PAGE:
Thursday April 2, 2015 Search
Weather | Athens
14o C
09o C
News
Business
Comment
Life
Sports
Community
Survival Guide
Greek Edition
A taxing issue for Greece

By Nick Malkoutzis

Greeces tax collectors were told over the weekend that they would have to do a much better job this year at gathering overdue taxes. How much better? Almost 200 percent.

According to Skai TV, some 700 million euros was collected in 2011 by chasing down taxpayers that had run up debts. This year, inspectors will have to collect 2 billion euros as Greece tries to meet even tougher fiscal targets amid a deepening recession.

Preliminary figures showed that tax revenues were already 1 billion euros short of the governments target in January alone, with VAT receipts showing a considerable drop. As consumption decreases, so do revenues, which makes it even more vital that any existing debts are settled.

However, to do that, Greece needs the appropriate personnel and know-how. Although progress is being made both in terms of the information technology being used by the tax service and the assessment of staff, there is still considerable ground to be covered.

Its more than just a question of installing new software and retraining staff. Its an issue of shedding the mentality and practices of the past and replacing them with something new. This is something more complicated and time-consuming.

The backwardness of Greeces public administration, its ability to trip itself up either by mistake or on purpose, is one of the factors that the Europeans and the International Monetary Fund grossly underestimated over the last couple of years.

This self-destructive tendency was in evidence on Saturday when tax collectors belonging to one union protested outside Greeces National School of Public Administration as exams took place inside with the aim of assembling a crack squad of 1,000 tax inspectors that would tackle tax arrears and evasion more effectively. The protestors felt that members of the other tax collectors union were being favored. Cynics might say that a tax collection A-team wouldnt suit some of their colleagues who have a nice sideline in pocketing bribes in return for turning a blind eye. Upsetting this clandestine business would hit their incomes hard.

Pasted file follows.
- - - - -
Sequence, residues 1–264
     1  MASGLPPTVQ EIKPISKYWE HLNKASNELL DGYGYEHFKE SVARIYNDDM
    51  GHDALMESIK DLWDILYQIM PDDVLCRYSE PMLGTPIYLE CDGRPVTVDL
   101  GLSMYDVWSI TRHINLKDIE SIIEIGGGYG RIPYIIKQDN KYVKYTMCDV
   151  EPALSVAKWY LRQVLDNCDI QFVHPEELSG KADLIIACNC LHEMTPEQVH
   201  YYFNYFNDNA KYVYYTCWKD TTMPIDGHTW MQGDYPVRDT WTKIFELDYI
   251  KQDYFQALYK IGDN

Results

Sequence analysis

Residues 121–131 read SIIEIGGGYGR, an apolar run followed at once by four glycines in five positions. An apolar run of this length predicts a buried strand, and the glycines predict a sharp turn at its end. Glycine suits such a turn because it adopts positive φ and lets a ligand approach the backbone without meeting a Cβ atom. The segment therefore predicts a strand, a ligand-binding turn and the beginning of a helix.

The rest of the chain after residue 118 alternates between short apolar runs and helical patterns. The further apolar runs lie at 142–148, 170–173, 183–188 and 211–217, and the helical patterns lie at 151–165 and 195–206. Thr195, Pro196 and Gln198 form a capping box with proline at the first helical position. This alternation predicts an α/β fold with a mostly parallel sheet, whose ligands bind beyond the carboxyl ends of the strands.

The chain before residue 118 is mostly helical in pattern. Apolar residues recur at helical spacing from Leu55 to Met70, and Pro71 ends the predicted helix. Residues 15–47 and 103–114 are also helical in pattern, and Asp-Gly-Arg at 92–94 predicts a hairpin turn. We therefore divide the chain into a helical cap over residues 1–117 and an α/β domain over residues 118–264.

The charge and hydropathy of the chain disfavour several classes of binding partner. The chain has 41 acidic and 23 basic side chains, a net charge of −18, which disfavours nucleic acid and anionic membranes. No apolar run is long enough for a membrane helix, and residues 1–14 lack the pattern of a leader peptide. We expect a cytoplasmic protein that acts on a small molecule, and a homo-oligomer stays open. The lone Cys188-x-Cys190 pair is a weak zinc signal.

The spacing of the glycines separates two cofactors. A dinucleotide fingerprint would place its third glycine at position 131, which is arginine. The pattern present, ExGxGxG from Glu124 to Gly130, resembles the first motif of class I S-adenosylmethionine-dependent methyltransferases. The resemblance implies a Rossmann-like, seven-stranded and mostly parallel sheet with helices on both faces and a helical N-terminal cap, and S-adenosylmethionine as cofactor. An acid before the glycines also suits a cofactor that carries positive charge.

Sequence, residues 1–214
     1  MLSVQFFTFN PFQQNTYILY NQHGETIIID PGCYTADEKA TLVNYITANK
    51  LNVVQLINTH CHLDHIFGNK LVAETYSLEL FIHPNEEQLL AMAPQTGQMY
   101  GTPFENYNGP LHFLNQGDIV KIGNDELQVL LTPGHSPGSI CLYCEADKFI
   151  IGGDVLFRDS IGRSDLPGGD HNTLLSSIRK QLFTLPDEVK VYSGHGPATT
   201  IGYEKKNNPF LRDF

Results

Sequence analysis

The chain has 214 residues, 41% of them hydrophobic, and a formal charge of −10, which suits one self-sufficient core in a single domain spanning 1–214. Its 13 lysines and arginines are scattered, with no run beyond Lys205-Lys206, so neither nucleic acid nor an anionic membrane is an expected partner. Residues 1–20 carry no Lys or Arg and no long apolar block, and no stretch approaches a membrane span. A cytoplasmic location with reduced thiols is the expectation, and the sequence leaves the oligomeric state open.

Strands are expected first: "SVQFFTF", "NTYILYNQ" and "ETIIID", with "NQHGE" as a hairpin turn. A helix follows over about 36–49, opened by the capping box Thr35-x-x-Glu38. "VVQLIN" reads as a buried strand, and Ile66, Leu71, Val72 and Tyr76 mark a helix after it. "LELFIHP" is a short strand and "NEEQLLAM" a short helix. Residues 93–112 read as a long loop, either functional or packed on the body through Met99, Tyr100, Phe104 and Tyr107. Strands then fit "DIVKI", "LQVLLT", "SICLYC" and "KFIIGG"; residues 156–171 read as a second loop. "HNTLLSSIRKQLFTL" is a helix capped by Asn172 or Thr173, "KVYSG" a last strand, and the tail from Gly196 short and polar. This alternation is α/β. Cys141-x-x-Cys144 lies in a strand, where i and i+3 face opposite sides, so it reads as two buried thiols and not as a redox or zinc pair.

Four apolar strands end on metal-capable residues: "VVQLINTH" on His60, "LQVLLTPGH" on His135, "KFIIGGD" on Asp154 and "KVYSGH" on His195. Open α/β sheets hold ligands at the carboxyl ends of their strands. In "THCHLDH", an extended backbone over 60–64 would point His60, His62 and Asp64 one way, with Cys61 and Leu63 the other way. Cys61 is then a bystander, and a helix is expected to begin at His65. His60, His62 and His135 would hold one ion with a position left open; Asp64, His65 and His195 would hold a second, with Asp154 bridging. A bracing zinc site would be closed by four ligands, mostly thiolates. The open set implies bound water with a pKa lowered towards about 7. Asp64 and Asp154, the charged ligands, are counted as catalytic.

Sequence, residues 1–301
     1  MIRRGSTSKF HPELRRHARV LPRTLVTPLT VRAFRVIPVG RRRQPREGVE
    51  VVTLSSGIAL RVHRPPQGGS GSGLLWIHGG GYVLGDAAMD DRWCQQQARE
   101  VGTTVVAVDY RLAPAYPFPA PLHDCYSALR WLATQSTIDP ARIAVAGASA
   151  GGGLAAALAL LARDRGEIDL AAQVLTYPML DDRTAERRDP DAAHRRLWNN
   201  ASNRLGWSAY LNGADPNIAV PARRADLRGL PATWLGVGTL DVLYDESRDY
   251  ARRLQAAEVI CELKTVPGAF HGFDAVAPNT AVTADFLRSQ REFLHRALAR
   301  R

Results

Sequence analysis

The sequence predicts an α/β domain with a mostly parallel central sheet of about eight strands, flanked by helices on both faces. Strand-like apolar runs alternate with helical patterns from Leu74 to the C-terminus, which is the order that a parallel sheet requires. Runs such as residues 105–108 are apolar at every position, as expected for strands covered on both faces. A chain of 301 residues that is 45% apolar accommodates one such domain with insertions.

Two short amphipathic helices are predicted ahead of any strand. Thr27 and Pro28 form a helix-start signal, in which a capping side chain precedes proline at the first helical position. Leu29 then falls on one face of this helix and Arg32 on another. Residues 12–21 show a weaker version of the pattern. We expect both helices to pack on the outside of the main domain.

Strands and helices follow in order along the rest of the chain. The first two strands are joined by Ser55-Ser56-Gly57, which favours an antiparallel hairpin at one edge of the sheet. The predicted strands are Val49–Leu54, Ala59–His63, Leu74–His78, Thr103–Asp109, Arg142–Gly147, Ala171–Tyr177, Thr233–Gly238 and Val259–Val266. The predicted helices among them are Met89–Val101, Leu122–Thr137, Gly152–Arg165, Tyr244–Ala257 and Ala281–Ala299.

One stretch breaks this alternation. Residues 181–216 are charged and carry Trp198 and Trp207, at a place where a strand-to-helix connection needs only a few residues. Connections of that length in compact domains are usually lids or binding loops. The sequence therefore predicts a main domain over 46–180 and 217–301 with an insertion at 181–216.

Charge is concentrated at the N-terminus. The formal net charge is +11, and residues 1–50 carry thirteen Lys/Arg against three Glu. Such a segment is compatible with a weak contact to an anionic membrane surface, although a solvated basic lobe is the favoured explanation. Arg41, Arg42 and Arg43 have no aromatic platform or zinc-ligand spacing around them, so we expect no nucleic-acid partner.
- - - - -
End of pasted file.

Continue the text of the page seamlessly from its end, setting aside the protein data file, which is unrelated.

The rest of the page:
Either way, the outcome of the protest, which prompted the intervention of the police, was that only a few dozen inspectors took the test. When compared with the news from Italy over the weekend that more than 70 tax inspectors were sent to Courmayeur ski resort to check if receipts are being issued, one can see what a huge distance Greece has to cover.

Some would suggest that the only way forward is for the whole department to be stripped down and rebuilt. If the short-term hole in revenues that this would create werent a problem, perhaps it would be worth contemplating. But theres another reason that this approach isnt feasible. As part of the new loan agreement, Greece has committed to letting 150,000 civil servants go by 2015. It has also promised to only hire 1 public sector employee for every five that leave.